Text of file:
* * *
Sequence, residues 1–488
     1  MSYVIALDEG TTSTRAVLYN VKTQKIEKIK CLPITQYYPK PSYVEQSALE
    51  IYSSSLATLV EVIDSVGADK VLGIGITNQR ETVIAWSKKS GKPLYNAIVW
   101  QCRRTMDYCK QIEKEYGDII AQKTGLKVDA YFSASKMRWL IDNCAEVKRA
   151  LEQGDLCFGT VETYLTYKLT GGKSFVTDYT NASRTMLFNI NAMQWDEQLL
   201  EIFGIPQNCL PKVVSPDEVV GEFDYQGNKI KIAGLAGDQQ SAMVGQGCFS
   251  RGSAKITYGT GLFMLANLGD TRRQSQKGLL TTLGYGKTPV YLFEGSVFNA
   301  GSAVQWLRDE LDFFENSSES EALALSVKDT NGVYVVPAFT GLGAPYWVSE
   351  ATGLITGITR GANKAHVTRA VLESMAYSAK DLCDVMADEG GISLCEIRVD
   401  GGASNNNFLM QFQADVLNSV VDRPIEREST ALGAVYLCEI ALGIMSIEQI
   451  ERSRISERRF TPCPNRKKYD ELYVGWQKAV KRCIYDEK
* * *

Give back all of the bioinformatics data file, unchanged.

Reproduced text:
Sequence, residues 1–488
     1  MSYVIALDEG TTSTRAVLYN VKTQKIEKIK CLPITQYYPK PSYVEQSALE
    51  IYSSSLATLV EVIDSVGADK VLGIGITNQR ETVIAWSKKS GKPLYNAIVW
   101  QCRRTMDYCK QIEKEYGDII AQKTGLKVDA YFSASKMRWL IDNCAEVKRA
   151  LEQGDLCFGT VETYLTYKLT GGKSFVTDYT NASRTMLFNI NAMQWDEQLL
   201  EIFGIPQNCL PKVVSPDEVV GEFDYQGNKI KIAGLAGDQQ SAMVGQGCFS
   251  RGSAKITYGT GLFMLANLGD TRRQSQKGLL TTLGYGKTPV YLFEGSVFNA
   301  GSAVQWLRDE LDFFENSSES EALALSVKDT NGVYVVPAFT GLGAPYWVSE
   351  ATGLITGITR GANKAHVTRA VLESMAYSAK DLCDVMADEG GISLCEIRVD
   401  GGASNNNFLM QFQADVLNSV VDRPIEREST ALGAVYLCEI ALGIMSIEQI
   451  ERSRISERRF TPCPNRKKYD ELYVGWQKAV KRCIYDEK